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Increased default-mode network centrality in cognitively impaired multiple sclerosis patients. / Eijlers, Anand J C; Meijer, Kim A.; Wassenaar, Thomas M.; Steenwijk, Martijn D.; Uitdehaag, Bernard M J; Barkhof, Frederik; Wink, Alle M.; Geurts, Jeroen J G; Schoonheim, Menno M.

In: Neurology, Vol. 88, No. 10, 07.03.2017, p. 952-960.

Research output: Contribution to journalArticleAcademicpeer-review

TY - JOUR

T1 - Increased default-mode network centrality in cognitively impaired multiple sclerosis patients

AU - Eijlers, Anand J C

AU - Meijer, Kim A.

AU - Wassenaar, Thomas M.

AU - Steenwijk, Martijn D.

AU - Uitdehaag, Bernard M J

AU - Barkhof, Frederik

AU - Wink, Alle M.

AU - Geurts, Jeroen J G

AU - Schoonheim, Menno M.

N1 - © 2017 American Academy of Neurology.

PY - 2017/3/7

Y1 - 2017/3/7

N2 - OBJECTIVE: To investigate how changes in functional network hierarchy determine cognitive impairment in multiple sclerosis (MS).METHODS: A cohort consisting of 332 patients with MS (age 48.1 ± 11.0 years, symptom duration 14.6 ± 8.4 years) and 96 healthy controls (HCs; age 45.9 ± 10.4 years) underwent structural MRI, fMRI, and extensive neuropsychological testing. Patients were divided into 3 groups: cognitively impaired (CI; n = 87), mildly cognitively impaired (MCI; n = 65), and cognitively preserved (CP; n = 180). The functional importance of brain regions was quantified with degree centrality, the average strength of the functional connections of a brain region with the rest of the brain, and eigenvector centrality, which adds to this concept by adding additional weight to connections with brain hubs because these are known to be especially important. Centrality values were calculated for each gray matter voxel based on resting-state fMRI data, registered to standard space. Group differences were assessed with a cluster-wise permutation-based method corrected for age, sex, and education.RESULTS: CI patients demonstrated widespread centrality increases compared to both HCs and CP patients, mainly in regions making up the default-mode network. Centrality decreases were similar in all patient groups compared to HCs, mainly in occipital and sensorimotor areas. Results were robust across centrality measures.CONCLUSIONS: Patients with MS with cognitive impairment show hallmark alterations in functional network hierarchy with increased relative importance (centrality) of the default-mode network.

AB - OBJECTIVE: To investigate how changes in functional network hierarchy determine cognitive impairment in multiple sclerosis (MS).METHODS: A cohort consisting of 332 patients with MS (age 48.1 ± 11.0 years, symptom duration 14.6 ± 8.4 years) and 96 healthy controls (HCs; age 45.9 ± 10.4 years) underwent structural MRI, fMRI, and extensive neuropsychological testing. Patients were divided into 3 groups: cognitively impaired (CI; n = 87), mildly cognitively impaired (MCI; n = 65), and cognitively preserved (CP; n = 180). The functional importance of brain regions was quantified with degree centrality, the average strength of the functional connections of a brain region with the rest of the brain, and eigenvector centrality, which adds to this concept by adding additional weight to connections with brain hubs because these are known to be especially important. Centrality values were calculated for each gray matter voxel based on resting-state fMRI data, registered to standard space. Group differences were assessed with a cluster-wise permutation-based method corrected for age, sex, and education.RESULTS: CI patients demonstrated widespread centrality increases compared to both HCs and CP patients, mainly in regions making up the default-mode network. Centrality decreases were similar in all patient groups compared to HCs, mainly in occipital and sensorimotor areas. Results were robust across centrality measures.CONCLUSIONS: Patients with MS with cognitive impairment show hallmark alterations in functional network hierarchy with increased relative importance (centrality) of the default-mode network.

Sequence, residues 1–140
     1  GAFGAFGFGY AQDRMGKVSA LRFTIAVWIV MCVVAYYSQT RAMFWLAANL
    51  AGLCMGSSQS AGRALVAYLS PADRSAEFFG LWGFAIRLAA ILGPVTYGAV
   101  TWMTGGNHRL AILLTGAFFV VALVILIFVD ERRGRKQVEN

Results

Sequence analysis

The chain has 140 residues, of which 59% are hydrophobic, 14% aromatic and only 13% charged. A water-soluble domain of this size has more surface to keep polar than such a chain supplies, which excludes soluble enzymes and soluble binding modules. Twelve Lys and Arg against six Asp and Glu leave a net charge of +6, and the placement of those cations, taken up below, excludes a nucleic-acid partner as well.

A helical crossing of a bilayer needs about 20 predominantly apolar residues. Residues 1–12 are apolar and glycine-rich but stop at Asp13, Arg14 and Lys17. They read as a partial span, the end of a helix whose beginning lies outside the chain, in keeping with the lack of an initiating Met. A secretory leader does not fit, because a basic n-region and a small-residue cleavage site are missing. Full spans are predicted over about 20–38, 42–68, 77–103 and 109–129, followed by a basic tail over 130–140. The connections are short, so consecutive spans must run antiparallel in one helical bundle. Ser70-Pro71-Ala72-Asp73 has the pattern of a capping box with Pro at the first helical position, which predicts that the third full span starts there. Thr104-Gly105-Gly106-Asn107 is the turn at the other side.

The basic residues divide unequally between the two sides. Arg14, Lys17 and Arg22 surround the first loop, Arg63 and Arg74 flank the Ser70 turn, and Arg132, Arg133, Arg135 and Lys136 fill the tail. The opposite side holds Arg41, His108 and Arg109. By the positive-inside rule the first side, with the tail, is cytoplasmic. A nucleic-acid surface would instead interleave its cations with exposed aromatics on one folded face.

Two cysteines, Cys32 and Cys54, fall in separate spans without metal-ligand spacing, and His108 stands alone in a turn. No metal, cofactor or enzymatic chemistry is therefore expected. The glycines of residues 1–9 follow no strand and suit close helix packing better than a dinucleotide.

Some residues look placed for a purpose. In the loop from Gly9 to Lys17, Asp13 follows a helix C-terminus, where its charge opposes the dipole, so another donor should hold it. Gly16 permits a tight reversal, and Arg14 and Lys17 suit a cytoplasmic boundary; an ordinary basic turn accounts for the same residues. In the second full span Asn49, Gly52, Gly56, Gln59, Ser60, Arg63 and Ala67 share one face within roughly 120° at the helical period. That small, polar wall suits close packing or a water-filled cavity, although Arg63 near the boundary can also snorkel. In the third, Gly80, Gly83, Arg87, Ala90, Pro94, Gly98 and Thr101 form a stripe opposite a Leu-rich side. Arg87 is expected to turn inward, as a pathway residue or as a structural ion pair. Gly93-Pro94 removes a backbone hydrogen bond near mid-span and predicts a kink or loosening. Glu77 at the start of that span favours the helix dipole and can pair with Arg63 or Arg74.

KW - Adult

KW - Aged

KW - Brain

KW - Cognition Disorders

KW - Cohort Studies

KW - Female

KW - Humans

KW - Image Processing, Computer-Assisted

KW - Magnetic Resonance Imaging

KW - Male

KW - Middle Aged

KW - Multiple Sclerosis

KW - Neural Networks (Computer)

KW - Neural Pathways

KW - Neuropsychological Tests

KW - Journal Article

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U2 - 10.1212/WNL.0000000000003689

DO - 10.1212/WNL.0000000000003689

M3 - Article

VL - 88

SP - 952

EP - 960

JO - Neurology

JF - Neurology

SN - 0028-3878

IS - 10

ER -